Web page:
LARRY WILKERSON: I think it’s, I think that’s a necessity in and of itself because it forces the Congress to go back and do its job instead of allowing the budget caps to do its job for it, and being lazy and fat, which the Congress generally is. But I don’t like it in terms of the Defense Department because they’re already getting too much money. The slush fund, the so-called OCO, the Overseas Contingency account, continues to be funded. That was supposed to be a one-time thing for George W. Bush’s administration when we started the response to 9/11. Look, it’s been going on now for 16 or 17 years. This is unappropriated money, really. It’s not through the appropriations process, so it doesn’t have the oversight. Military’s spending it on everything now. It’s not just a war fund. They’re spending it on everything, including what they’re really hurting in is personnel and gaining personnel for the armed forces. But if you look at this budget and you look at the money that’s being spent and you understand that the money that’s being spent is not clearly identified. It’s not transparent.
Let me give you a really vivid example of this. I was talking to a former Deputy Secretary of Veterans Affairs in Sarasota, Florida this week. He told me that the bill for the veterans we have produced in the Afghan, Iraq and associated hostilities like Syria, Somalia, Niger, and so forth, that bill is going to top a trillion dollars over the next five to ten years, and maybe as much as 10 over the life of those veterans. This is never factored in because we don’t plan on spending that money to the degree we should. We don’t plan on taking care of these veterans. But that’s what we should be doing and that’s what we should be looking at if we’re being transparent about the cost of the Pentagon. The costs are vastly more than those we see and those we see are even vastly more than we need.
AARON MATÉ: Colonel, we just have one minute, but let me tell you about this poll that was in the Military Times, presumably a heavy readership of military veterans or at least people who are interested in the military. A poll says that 89% of them oppose the idea of Trump’s parade. Your final thoughts as we wrap today.
LARRY WILKERSON: Every veteran who has sent me an email, including my veterans at William & Mary and elsewhere that have sent me an email or communicated with me by phone or whatever has said, “Are you kidding me? Who said we were Mussolini? Who said we were Hitler? Who said we were Kim Jong-un?” This is how the veterans with whom I communicate have relayed their views to me. They see it as something that a democracy shouldn’t be doing and on top of that, they see it as something that’s going to consume time, preparation, money, and so forth that needs to be done, spent, you know, elsewhere.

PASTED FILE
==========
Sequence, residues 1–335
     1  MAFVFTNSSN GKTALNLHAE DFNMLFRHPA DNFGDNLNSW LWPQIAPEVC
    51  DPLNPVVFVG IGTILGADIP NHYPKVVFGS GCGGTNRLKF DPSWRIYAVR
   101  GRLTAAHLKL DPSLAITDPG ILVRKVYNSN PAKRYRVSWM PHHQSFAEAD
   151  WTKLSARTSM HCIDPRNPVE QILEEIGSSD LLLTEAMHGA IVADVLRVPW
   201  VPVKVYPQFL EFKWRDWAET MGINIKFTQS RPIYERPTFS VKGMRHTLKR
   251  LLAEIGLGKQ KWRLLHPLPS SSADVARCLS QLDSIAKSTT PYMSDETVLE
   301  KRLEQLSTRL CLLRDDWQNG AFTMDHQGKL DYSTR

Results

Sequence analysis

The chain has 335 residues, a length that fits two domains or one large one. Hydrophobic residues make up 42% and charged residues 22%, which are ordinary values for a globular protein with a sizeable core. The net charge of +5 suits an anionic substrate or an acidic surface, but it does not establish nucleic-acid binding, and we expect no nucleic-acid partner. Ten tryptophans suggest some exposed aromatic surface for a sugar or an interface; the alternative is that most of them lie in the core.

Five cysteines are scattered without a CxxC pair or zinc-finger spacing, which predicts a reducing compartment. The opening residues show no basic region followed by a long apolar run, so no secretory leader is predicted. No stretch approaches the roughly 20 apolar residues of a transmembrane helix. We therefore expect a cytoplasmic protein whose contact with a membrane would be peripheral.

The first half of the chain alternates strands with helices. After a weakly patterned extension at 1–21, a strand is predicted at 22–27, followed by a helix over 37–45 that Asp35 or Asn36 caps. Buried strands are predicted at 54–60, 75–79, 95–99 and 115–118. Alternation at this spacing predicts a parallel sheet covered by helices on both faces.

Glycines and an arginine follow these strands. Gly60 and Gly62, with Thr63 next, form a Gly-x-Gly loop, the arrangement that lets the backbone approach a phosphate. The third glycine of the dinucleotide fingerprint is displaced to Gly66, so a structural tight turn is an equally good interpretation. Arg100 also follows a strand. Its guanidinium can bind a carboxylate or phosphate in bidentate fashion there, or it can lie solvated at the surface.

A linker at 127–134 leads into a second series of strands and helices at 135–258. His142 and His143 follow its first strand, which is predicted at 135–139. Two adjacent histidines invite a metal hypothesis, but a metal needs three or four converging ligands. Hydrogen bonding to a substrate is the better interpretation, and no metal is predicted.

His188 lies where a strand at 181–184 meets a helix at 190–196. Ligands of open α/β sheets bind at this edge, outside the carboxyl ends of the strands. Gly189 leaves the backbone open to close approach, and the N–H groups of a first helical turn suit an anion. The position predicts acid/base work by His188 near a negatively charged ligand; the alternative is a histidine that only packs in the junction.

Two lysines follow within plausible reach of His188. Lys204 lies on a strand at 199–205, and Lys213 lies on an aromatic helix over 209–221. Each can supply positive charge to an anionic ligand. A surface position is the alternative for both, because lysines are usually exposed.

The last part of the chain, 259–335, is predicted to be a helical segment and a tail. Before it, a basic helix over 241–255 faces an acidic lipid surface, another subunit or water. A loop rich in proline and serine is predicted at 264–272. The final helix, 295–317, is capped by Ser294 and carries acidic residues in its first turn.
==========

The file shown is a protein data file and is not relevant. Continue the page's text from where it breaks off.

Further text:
AARON MATÉ: We’ll leave it there. Colonel Lawrence Wilkerson, thank you.
LARRY WILKERSON: Thanks for having me.
AARON MATÉ: And thank you for joining us on The Real News.

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Distinguished Adjunct Professor of Government and Public Policy

Lawrence Wilkerson's last positions in government were as Secretary of State Colin Powell's Chief of Staff (2002-05), Associate Director of the State Department's Policy Planning staff under the directorship of Ambassador Richard N. Haass, and member of that staff responsible for East Asia and the Pacific, political-military and legislative affairs (2001-02). Before serving at the State Department, Wilkerson served 31 years in the U.S. Army. During that time, he was a member of the faculty of the U.S. Naval War College (1987 to 1989), Special Assistant to General Powell when he was Chairman of the Joint Chiefs of Staff (1989-93), and Director and Deputy Director of the U.S. Marine Corps War College at Quantico, Virginia (1993-97). Wilkerson retired from active service in 1997 as a colonel, and began work as an advisor to General Powell. He has also taught national security affairs in the Honors Program at the George Washington University. He is currently working on a book about the first George W. Bush administration.